Skip to main content

We’ve updated our Terms & Conditions and Privacy Policy. By using this site, you agree to these terms.

DANVILLE, PA -- Inspired by watching his Nana and Aunt “Cookie” prepare meals in the family kitchen, Matthew Cervay began cooking at the age of six. “It was old school comfort food done well. I helped help mix batters, peel potatoes and assisted with anything a young kid could do.”

Building on the skills he developed as a young boy, a childhood hobby grew into a career that has spanned 20 years, and includes a degree from the Pennsylvania Institute of Culinary Arts, positions as a sous chef in the country club and healthcare industries, and now as Geisinger’s corporate executive chef. “I believe those times spent in the kitchen subconsciously laid the ground work for my career,” said Chef Cervay.

Hired to standardize and improve food service at all Geisinger locations, Chef Cervay explains the main reason he became a chef. “The joy you can bring customers, family and friends with this profession provides a deep sense of satisfaction.” It’s this attitude he brings to the table, literally, as he begins to make changes in an effort to increase customer satisfaction and provide healthy options to Geisinger patients, employees and visitors.

“Geisinger’s Foodservice team recognizes the importance of good health and continuing wellness for the patients, employees, volunteers, visitors and community members they serve,” says Bruce Thomas, Geisinger’s Vice President of Guest Services. “The hiring of an executive chef will help us raise the bar on the quality of the food we serve and still be true to our mission to promote healthy food choices.”

Chef Cervay is focusing on introducing creative, fresh and healthy recipes for both patient services and his retail customers. “The goal is to improve flavor and visual appeal, while continuing to provide a lot of choices and incorporating regional selections. We will serve meals that are nutritionally balanced, with a high quality that is consistent at locations throughout the system.”

A focus on nutrition doesn’t mean patients, visitors and staff will have to forego their favorite comfort foods. “Pizza, burgers, fries and the like will still be available. However, we want to get rid of the processed ingredients and make those items with the best products we can. When using the best quality ingredients you are able to source healthier items and those comfort items will taste and look better,” said Chef Cervay.

While the changing menu will still meet the needs of patients who have dietary restrictions, Chef Cervay said a hospital dining service is no different than the restaurant in a hotel or country club. “Customer service is customer service – it doesn’t matter the building you’re in. That’s how we should be treating our customers.”

In September, Geisinger’s foodservice will begin replacing frozen vegetables from its retail food items with fresh vegetables. Chef Cervay said patient menus are more complex and will take longer to adjust; the practice will follow later, as specialized diets allow. “We are fortunate that we work with suppliers that have relationships with Pennsylvania farmers. This means Geisinger will be able to offer local produce when seasonally available. When we are not able to purchase locally, we will still always be purchasing fresh, not frozen vegetables. Offering a better product while supporting local contracted suppliers is a win-win for everyone.”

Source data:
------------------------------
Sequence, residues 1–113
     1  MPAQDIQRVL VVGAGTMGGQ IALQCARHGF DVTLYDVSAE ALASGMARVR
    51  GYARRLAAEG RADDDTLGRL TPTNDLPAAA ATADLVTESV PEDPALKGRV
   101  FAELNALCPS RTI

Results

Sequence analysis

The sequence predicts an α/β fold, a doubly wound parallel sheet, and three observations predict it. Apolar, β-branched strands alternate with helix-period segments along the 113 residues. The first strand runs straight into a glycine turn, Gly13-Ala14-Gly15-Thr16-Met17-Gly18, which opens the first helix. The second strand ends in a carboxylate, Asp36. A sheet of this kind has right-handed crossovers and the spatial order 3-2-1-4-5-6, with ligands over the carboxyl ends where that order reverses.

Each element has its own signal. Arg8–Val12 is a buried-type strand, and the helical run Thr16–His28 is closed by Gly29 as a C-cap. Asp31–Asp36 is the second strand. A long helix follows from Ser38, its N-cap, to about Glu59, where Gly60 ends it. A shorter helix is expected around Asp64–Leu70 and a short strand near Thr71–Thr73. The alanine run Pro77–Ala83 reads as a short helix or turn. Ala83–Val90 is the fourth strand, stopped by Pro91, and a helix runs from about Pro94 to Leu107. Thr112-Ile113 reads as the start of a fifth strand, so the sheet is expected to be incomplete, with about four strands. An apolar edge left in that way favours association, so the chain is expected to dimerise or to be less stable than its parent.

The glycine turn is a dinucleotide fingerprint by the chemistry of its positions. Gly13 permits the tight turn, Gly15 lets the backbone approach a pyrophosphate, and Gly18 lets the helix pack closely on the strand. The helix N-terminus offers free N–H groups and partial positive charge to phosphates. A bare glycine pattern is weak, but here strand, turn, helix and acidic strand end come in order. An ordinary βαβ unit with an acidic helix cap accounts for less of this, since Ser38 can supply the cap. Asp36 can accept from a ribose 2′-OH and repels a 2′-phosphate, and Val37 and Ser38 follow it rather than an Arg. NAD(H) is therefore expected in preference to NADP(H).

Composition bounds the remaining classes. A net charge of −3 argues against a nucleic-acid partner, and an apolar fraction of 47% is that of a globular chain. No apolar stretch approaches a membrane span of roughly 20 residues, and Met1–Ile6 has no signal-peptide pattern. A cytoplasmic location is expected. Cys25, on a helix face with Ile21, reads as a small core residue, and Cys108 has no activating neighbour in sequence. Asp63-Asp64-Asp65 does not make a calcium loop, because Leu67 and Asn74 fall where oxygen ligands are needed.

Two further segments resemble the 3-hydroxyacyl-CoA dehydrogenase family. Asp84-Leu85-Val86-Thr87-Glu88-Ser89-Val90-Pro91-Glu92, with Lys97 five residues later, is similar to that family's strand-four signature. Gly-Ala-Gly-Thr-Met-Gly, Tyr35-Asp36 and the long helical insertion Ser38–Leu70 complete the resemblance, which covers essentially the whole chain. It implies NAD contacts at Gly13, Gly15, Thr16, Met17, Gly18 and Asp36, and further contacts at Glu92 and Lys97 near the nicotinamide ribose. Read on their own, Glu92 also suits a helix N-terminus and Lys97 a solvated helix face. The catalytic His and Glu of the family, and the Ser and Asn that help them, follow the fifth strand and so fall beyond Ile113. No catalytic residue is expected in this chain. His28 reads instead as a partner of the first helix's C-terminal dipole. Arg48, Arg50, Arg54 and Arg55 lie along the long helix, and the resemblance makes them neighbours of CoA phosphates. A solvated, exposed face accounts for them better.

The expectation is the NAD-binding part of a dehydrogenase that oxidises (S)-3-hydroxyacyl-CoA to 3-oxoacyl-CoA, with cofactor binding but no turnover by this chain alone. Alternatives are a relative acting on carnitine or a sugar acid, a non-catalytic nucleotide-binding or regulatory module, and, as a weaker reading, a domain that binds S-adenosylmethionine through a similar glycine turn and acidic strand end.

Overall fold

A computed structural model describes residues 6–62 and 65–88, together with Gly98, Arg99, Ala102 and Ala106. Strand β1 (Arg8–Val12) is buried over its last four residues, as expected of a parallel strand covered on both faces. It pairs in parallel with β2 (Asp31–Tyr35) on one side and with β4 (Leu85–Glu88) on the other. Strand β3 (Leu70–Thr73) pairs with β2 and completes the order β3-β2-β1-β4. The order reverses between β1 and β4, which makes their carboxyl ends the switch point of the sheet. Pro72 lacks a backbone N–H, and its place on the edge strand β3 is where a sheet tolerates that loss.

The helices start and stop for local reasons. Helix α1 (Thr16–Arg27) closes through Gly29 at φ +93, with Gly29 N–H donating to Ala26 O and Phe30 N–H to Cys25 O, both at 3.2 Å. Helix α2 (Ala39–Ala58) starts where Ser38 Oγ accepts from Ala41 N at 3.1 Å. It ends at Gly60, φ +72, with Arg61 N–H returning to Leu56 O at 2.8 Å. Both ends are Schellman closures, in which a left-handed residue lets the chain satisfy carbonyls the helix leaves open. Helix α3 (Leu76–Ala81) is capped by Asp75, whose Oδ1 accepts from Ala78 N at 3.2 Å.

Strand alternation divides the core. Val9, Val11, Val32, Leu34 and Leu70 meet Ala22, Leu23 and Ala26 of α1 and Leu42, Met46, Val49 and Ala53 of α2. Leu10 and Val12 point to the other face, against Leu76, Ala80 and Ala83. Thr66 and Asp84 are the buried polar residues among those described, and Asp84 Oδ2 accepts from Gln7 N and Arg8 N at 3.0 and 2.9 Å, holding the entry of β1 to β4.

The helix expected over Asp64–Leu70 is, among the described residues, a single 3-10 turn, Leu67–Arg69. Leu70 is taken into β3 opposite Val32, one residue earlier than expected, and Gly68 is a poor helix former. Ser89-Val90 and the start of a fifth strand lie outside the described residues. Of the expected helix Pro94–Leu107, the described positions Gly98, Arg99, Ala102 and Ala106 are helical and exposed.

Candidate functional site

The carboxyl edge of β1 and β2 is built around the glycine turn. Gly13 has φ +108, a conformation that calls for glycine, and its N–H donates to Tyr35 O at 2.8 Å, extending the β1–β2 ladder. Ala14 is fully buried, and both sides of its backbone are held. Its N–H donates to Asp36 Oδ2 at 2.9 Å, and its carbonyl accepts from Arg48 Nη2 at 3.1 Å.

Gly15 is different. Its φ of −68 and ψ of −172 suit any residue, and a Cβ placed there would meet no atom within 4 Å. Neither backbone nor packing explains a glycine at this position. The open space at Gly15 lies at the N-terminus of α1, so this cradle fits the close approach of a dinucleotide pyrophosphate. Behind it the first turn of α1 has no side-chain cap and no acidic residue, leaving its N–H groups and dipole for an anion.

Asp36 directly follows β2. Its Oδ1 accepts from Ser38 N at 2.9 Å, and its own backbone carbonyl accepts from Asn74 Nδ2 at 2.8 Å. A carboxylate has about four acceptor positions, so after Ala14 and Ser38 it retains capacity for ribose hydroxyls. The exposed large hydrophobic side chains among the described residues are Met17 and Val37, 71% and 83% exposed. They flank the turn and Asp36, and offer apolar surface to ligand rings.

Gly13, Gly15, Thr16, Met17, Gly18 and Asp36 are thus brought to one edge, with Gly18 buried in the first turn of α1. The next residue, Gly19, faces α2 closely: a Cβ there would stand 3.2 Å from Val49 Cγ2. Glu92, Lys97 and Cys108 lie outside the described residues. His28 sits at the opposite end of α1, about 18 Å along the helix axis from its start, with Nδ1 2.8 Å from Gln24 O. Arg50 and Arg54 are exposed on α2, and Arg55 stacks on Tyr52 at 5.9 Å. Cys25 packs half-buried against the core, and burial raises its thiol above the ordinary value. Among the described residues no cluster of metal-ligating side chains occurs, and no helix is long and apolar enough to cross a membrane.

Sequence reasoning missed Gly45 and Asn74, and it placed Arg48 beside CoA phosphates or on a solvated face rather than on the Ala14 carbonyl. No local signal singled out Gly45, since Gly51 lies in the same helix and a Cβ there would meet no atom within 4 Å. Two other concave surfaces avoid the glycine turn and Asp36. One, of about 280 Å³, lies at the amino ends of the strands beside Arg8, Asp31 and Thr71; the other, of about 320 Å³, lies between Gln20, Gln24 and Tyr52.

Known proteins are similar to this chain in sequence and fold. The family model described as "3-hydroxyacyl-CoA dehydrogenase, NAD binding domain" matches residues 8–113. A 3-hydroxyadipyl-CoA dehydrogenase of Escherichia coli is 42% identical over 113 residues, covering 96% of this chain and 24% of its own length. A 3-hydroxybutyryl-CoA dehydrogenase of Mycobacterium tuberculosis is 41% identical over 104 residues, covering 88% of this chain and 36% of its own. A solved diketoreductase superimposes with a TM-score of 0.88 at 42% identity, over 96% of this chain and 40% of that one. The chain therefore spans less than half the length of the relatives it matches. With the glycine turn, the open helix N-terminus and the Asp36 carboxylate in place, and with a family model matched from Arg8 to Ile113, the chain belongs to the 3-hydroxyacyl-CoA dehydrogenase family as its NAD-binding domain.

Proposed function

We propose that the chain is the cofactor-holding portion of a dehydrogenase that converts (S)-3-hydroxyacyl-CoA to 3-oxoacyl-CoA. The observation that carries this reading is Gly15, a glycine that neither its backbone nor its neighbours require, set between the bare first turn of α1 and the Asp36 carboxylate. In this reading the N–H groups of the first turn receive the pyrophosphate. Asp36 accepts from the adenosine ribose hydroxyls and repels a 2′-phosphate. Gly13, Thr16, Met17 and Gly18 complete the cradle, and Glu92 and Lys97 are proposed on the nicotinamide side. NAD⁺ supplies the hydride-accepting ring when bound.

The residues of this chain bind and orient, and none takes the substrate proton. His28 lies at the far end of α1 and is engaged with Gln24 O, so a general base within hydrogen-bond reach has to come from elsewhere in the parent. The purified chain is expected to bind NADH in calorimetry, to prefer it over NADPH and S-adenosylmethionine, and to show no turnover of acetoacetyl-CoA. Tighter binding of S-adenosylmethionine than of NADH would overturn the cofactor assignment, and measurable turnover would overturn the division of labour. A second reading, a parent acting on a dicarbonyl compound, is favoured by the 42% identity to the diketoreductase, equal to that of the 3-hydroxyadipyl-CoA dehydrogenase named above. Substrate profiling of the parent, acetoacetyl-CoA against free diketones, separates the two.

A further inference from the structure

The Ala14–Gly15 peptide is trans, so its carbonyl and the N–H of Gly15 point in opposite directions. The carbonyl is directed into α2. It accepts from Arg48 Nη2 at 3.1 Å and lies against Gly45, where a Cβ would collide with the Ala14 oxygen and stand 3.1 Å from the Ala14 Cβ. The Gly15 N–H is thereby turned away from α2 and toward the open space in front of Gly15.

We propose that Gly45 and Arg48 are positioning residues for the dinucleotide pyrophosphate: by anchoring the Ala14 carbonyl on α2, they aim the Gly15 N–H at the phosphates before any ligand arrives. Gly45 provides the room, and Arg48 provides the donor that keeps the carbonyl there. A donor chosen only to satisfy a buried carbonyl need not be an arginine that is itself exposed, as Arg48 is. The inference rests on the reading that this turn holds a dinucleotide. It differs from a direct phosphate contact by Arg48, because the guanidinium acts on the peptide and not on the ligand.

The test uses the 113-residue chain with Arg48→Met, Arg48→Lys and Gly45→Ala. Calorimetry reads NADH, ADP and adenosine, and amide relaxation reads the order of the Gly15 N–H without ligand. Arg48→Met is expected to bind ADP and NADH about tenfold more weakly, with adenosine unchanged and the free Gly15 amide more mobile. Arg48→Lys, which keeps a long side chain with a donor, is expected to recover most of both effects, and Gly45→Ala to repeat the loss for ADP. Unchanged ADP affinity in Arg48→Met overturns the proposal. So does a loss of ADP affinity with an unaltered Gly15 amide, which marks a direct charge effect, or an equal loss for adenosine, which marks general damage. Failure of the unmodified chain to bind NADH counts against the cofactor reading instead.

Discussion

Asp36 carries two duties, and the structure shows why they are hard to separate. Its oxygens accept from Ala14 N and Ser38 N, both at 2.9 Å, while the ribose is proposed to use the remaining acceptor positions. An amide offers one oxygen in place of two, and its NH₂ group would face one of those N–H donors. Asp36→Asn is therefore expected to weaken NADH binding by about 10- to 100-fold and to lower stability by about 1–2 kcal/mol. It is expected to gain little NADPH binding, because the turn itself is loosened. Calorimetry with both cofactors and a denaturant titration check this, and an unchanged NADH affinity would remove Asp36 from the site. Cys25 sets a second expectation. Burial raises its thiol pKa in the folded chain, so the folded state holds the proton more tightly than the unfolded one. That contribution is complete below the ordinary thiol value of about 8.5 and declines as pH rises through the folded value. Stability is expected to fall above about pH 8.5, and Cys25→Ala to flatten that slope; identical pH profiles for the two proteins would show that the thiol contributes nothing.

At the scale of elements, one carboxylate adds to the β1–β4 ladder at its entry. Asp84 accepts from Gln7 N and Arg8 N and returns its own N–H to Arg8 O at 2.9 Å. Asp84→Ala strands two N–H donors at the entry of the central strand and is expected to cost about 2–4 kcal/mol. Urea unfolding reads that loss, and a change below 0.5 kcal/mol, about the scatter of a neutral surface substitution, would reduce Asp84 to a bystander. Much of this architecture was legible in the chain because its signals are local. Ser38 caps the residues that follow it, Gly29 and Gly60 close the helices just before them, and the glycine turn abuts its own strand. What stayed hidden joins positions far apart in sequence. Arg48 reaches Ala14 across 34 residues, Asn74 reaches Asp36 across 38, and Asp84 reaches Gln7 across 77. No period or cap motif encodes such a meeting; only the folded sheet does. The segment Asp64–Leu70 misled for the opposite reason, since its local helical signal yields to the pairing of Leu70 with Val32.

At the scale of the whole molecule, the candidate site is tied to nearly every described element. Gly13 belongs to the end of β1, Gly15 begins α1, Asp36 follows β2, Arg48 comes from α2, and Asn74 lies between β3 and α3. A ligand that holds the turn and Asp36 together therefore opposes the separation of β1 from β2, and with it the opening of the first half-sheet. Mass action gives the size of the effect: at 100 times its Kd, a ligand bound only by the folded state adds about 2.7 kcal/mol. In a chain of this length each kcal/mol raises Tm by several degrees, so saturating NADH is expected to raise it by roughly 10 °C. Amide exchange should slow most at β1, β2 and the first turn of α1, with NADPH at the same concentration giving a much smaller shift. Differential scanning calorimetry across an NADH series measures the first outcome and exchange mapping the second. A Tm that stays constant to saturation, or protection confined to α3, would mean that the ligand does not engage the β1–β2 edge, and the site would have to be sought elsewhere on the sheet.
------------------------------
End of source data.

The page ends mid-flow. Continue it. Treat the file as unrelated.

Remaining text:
“Foodservice’s mission is to offer and promote healthy food choices and provide accurate, pertinent information to enable our customers to make truly nutritious selections,” said Mr. Thomas. “Adding an executive chef lets the community know we’re serious about the quality of food.”

Like his grandmother and aunt, Chef Cervay involves his own children in the kitchen when they’re old enough. “My oldest, Carlee, is almost 4 years old. So far she has made cookie batter, pancake batter, waffle batter and eggplant parmesan, a big jump in levels, I know,” laughs Chef Cervay. “She loves the garden, and will pick basil and tomatoes and eat them right off the vine, dig up potatoes and scavenge for garlic and onion bulbs. Lillian is younger and still eats sand, so she has another year to go before I release her in my garden. My youngest, Asher, will be playing in the garden as soon as he can hold his own head up.”

Work keeps Chef Cervay busy, and driving back and forth to Ohio to see his wife and children, who have not yet moved to the area, takes up what spare time. When things settle down and he gets a chance, Chef Cervay enjoys camping and fishing. “I can cook fish that I catch, but no, I don’t usually scavenge for ingredients in the woods to cook.”

About Geisinger
Geisinger is among the nation’s leading providers of value-based care, serving 1.2 million people in urban and rural communities across Pennsylvania. Founded in 1915 by philanthropist Abigail Geisinger, the nonprofit system generates $10 billion in annual revenues across 126 care sites — including 10 hospital campuses — and Geisinger Health Plan, with more than half a million members in commercial and government plans. Geisinger College of Health Sciences educates more than 5,000 medical professionals annually and conducts more than 1,400 clinical research studies. With 26,000 employees, including 1,700 employed physicians, Geisinger is among Pennsylvania’s largest employers with an estimated economic impact of $15 billion to the state’s economy. On March 31, 2024, Geisinger became the first member of Risant Health, a new nonprofit charitable organization created to expand and accelerate value-based care across the country. Learn more at or follow on Facebook, Instagram, LinkedIn and X.

Content from General Links with modal content